Lara Peck, program coordinator for Project READY, begins the session with a presentation explaining various behaviors that lead to traumatic injury. The presentation included a brief anatomy lesson of various body parts, such as the brain and spinal cord, that might be impacted in a trauma event. Students also met a presenter who experienced a traumatic injury as a child, leaving her lower body paralyzed. The presenter shared her story about her accident and experience as a patient and gave the students the opportunity to ask questions about her experience and how she lives her daily life.  
Later students were able to take a tour of the Prisma Health Trauma Center. Nurses met with the students, explaining various procedures and allowed students to get acquainted with the equipment used to treat injuries. After visiting the trauma bay, students were able to observe how an operating room was prepared for surgery. They concluded their tour with a visit to the morgue and then a trip to the physical therapy level where students had the chance to experience what it’s like to be a patient recovering from a trauma event. 
“Throughout the course of this program, I was overwhelmed with many emotions,” explained HCP student Selby A.. “Participating in Project READY gave me a great sense of accomplishment. I have numerous goals that I want to achieve before college and programs that introduce various careers is a wonderful opportunity.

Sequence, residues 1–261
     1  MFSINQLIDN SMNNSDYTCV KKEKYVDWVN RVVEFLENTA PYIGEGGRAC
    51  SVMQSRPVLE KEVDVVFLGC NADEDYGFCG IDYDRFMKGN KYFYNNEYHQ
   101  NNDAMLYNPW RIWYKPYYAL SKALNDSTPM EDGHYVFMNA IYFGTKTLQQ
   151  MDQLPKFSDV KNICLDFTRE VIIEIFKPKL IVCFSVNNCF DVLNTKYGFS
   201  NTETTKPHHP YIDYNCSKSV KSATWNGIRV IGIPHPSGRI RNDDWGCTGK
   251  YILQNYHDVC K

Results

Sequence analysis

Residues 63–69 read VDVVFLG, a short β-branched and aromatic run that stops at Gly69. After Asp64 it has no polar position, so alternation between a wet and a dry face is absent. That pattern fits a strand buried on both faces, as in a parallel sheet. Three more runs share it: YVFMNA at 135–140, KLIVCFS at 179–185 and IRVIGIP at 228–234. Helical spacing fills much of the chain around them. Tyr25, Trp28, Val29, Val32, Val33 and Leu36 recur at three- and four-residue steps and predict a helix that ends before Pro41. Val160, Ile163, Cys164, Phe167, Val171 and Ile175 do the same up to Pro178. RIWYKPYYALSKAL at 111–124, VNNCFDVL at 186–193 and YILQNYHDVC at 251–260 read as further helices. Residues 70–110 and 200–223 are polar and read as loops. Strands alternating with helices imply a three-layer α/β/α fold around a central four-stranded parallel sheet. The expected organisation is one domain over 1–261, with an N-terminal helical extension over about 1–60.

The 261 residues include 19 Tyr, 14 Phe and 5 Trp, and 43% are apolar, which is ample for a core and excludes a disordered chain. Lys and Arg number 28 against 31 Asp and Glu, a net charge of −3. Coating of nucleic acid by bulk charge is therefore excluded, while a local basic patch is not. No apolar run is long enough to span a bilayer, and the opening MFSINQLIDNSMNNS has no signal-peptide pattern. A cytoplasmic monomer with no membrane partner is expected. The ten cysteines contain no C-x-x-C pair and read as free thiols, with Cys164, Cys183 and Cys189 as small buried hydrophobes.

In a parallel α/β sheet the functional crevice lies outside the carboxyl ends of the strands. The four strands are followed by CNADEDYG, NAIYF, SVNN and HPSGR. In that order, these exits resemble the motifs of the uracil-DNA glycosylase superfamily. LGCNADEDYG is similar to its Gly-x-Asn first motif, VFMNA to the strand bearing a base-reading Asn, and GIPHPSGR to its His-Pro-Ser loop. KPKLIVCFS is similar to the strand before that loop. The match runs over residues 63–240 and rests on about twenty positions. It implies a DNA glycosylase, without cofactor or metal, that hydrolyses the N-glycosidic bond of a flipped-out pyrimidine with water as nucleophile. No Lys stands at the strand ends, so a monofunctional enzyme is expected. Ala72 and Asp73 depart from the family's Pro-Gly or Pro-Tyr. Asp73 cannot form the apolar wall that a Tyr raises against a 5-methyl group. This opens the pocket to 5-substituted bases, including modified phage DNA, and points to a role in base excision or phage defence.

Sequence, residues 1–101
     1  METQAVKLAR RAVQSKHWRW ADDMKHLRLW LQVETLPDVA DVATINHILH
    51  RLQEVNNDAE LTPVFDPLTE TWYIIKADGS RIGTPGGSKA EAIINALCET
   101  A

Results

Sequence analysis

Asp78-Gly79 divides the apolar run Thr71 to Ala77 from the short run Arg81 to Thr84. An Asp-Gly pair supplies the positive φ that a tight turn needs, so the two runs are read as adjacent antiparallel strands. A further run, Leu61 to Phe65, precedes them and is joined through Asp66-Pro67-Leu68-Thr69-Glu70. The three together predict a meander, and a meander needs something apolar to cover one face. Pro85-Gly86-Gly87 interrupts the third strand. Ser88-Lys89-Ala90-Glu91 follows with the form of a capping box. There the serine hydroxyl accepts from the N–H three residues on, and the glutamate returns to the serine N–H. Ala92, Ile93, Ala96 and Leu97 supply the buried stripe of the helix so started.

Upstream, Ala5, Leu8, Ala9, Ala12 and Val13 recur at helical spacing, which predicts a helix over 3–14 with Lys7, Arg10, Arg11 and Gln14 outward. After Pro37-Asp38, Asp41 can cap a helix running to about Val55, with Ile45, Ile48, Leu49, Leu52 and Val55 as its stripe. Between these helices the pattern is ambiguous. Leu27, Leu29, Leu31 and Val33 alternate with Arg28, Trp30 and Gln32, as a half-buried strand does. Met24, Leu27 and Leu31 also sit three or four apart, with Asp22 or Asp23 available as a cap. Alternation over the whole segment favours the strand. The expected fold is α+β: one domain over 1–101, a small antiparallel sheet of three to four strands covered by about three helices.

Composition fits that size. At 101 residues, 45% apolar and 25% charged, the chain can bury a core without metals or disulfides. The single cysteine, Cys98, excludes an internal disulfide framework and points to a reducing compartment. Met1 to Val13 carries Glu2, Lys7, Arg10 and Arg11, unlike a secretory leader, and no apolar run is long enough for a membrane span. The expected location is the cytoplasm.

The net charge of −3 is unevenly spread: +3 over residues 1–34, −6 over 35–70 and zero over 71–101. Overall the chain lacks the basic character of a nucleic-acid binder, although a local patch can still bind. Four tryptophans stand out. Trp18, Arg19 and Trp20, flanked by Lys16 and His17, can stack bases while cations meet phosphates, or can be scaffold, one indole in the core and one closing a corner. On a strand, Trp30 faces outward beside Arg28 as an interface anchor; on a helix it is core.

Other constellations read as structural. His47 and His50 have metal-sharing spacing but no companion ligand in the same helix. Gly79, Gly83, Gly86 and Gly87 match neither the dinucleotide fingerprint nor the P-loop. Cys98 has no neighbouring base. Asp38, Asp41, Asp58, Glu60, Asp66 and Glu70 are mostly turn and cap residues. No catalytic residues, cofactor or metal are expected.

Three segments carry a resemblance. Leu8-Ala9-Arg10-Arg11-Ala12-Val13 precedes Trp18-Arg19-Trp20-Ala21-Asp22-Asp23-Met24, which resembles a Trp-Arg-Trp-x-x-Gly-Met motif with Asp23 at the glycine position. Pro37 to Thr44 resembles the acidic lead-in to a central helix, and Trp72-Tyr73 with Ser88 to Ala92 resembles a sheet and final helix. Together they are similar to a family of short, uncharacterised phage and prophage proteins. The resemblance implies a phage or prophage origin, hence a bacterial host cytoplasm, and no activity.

The 2019-2020 Health Careers Program students and Mid-Carolina AHEC would like to extend gratitude to the Prisma Health Richland Project READY coordinator and medical staff for their dedication to community outreach and student education.  Find out more about Mid-Carolina AHEC’s Health Careers Program online.

The Health Professions Pipeline in Action

In 2002, Stacey Price was a medical laboratory technician seeking to advance her career by pursuing a Bachelor of Science in health science at the Medical University of South Carolina. As a health professions student, she participated in Lowcountry AHEC’s South Carolina Rural Interprofessional Program of Training (SCRIPT).
Fast forward to 2020 and Stacey is working with Lowcountry AHEC, teaching health professionals phlebotomy as well as volunteering to share her knowledge and experience in clinical laboratory science with high schools students in the Health Careers Program. She is a positive role model and partner for AHEC stating, “Lowcountry AHEC and the SCRIPT program enriched my knowledge while encouraging me to share my skills within my rural community.” It is people like Stacey that make our AHEC pipeline work!